In the last two weeks, we have seen the damage wrought by the potential default of Dubai World, a Dubai-government controlled company that funded some of the most extravagant projects on the face of the earth over the last decade.
While the magnitude of the default was large, it is interesting that it has shaken markets as much as it has. After all, there have been other large loan defaults in markets over the decades. So, why the panic? I think the reason lies in the unraveling of what I would call the "implicit guarantee".
What is the implicit guarantee? Consider a standard loan agreement, where a lender assesses a borrower's credit worthiness in determining how much to lend and on what terms. Through the ages, though, lenders have been willing to lend to borrowers who may not meet their credit worthiness tests, because their loans are backed up implicitly by others with deep pockets. Thus the money lender who granted a loan to the wastrel son of a wealthy merchant was trusting in the "implicit guarantee" of the father to pay back the loan; family honor was assumed to trump the absence of a legal obligation.
So, what does this have to do with Dubai World? Dubai is a city-state, with limited resources and economic capacity. The projects that were funded with the loans showed little potential of generating the cash flows needed to service the debt. However, Dubai is part of the United Arab Emirates, which has significant oil wealth and lenders assumed that the UAE would step in and provide backing, when the payments came due. At least so far, that has not happened.
Why does this have global consequences? Let's face it. A significant proportion of all lending is based on implicit guarantees. From bondholders in companies that are too big to fail (where the government is the implicit guarantor) to banks that lend to troubled family group companies (expecting the parent group to step in and save them), it is the implicit guarantee that allows for the lending. To those lenders, the Dubai World default is the stuff of which nightmares are made. The initial worry was that other implicit guarantors would use this crisis as the opportunity to walk away from their implicit obligations. While that has not materialized, it should serve as a wake up call to those who have been cavalier about implicit guarantees.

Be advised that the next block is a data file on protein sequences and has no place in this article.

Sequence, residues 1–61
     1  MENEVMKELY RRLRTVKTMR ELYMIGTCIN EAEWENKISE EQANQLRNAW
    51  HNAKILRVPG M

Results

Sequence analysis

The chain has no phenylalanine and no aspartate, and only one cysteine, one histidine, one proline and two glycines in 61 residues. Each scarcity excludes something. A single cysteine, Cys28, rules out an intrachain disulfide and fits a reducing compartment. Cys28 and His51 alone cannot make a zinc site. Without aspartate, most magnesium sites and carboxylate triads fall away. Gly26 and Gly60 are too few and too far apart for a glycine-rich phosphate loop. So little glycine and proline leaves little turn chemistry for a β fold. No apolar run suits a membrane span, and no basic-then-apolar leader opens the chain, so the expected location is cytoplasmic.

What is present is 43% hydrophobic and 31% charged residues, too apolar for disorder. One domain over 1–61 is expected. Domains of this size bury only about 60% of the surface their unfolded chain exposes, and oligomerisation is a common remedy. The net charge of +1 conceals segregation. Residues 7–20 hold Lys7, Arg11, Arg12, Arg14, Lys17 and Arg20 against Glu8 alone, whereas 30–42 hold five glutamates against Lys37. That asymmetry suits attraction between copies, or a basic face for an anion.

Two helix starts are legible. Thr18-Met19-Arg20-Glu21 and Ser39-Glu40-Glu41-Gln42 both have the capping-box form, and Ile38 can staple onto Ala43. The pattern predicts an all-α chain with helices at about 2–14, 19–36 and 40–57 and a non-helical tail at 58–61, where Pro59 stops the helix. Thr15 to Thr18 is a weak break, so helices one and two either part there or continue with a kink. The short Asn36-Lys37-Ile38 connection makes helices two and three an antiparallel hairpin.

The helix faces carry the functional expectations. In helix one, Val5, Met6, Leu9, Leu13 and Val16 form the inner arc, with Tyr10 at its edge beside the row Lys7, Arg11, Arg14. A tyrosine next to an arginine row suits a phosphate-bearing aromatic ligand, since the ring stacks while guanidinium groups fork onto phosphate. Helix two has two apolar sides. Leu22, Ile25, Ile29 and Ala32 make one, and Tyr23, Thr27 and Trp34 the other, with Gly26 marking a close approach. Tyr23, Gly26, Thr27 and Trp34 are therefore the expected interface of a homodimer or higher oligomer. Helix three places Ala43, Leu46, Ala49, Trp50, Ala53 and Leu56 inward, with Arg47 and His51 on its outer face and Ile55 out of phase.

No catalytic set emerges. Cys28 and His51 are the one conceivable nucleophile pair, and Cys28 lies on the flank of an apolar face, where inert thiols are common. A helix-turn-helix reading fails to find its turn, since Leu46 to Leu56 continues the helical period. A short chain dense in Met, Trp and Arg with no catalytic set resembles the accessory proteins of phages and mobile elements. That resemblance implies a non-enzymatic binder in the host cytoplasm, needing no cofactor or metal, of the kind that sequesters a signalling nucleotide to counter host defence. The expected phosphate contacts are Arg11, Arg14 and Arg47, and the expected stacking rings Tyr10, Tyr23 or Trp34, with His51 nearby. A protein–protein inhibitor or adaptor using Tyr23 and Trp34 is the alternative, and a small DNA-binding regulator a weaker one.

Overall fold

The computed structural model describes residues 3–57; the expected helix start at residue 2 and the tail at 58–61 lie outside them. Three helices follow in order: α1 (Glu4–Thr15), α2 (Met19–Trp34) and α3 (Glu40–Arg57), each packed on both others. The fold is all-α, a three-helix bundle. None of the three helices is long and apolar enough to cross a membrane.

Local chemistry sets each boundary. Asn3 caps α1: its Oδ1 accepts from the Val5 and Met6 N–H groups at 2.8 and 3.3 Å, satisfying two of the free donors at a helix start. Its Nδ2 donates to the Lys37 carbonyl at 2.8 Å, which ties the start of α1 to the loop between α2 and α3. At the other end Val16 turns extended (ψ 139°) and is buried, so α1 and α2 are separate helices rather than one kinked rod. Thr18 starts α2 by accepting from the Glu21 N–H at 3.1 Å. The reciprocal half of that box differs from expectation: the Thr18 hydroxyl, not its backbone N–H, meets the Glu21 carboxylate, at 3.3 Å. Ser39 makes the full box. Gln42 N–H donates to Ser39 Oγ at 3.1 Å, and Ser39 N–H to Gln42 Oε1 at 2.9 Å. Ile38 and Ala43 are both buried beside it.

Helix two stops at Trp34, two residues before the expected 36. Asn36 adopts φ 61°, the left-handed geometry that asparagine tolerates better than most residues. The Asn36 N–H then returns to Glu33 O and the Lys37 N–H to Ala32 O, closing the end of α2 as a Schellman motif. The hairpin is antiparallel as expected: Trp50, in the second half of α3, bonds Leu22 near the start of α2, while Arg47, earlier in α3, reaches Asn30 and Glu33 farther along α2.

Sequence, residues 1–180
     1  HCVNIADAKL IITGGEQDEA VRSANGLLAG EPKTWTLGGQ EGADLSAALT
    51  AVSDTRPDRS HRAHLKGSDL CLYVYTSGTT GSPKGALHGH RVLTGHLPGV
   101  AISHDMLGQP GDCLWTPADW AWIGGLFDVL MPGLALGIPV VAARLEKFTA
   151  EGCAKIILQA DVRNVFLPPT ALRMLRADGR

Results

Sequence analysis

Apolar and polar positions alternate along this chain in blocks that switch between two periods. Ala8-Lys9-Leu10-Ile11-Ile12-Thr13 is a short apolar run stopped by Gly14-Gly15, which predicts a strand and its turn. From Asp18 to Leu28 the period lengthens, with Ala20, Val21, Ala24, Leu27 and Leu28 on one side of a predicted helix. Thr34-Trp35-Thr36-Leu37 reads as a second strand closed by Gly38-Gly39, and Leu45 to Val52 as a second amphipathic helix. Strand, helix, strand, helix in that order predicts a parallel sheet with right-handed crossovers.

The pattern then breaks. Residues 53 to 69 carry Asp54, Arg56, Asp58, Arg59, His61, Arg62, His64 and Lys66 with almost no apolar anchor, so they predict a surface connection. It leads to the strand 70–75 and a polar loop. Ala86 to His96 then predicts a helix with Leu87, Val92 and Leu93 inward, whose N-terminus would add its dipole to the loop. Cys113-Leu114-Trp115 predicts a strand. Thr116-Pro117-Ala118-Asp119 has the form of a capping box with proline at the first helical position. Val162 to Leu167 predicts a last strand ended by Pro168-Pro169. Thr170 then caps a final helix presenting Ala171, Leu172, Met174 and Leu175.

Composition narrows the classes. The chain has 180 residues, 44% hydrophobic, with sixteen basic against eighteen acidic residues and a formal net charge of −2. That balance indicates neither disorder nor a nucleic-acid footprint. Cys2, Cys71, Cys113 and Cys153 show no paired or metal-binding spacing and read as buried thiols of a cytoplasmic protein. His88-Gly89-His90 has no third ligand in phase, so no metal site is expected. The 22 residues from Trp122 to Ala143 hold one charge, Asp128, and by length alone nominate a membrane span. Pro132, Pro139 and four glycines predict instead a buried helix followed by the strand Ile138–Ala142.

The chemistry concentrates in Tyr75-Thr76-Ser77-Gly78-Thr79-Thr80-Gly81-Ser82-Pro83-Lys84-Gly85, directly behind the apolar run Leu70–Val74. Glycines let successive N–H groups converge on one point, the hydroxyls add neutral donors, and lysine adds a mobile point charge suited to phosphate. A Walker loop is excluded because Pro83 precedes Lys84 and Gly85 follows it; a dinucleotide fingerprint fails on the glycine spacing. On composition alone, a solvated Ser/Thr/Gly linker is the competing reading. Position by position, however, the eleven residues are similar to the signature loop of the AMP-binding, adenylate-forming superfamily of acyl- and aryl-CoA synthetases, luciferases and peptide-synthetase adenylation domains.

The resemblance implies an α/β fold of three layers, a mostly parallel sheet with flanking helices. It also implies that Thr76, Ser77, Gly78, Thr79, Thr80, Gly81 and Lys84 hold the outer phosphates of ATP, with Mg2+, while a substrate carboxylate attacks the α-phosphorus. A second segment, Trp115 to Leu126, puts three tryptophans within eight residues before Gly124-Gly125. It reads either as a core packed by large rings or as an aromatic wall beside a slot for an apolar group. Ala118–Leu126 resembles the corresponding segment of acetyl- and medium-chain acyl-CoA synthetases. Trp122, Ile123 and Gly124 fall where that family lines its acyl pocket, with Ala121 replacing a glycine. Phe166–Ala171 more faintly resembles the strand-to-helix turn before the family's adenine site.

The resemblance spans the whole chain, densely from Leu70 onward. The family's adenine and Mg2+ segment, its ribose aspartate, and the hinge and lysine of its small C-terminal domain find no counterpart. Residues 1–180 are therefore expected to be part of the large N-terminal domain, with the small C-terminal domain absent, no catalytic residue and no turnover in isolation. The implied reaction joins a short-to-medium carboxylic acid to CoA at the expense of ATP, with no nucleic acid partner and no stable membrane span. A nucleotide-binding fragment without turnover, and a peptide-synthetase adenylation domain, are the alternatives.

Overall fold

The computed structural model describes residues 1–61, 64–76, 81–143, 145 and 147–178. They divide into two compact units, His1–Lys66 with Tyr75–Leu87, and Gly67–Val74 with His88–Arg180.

What is the bottom line? I am not suggesting that implicit guarantees are necessarily bad but they can pose a danger when too large a proportion of the debt in a system is dependent on them. Since none of the parties involved - the lender, borrower and implicit guarantor - make the obligation explicit, it is possible for them to misjudge the extent of their indebtedness and for investors to make the same mistake. I have seen many Asian and Latin American family group companies that have little or no debt on their balance sheets but have unconsolidated subsidiaries with massive debt on their balance sheets (backed up by the implicit guarantee). If we assume that these firms will honor their implicit guarantees, they should be treated as highly levered firms.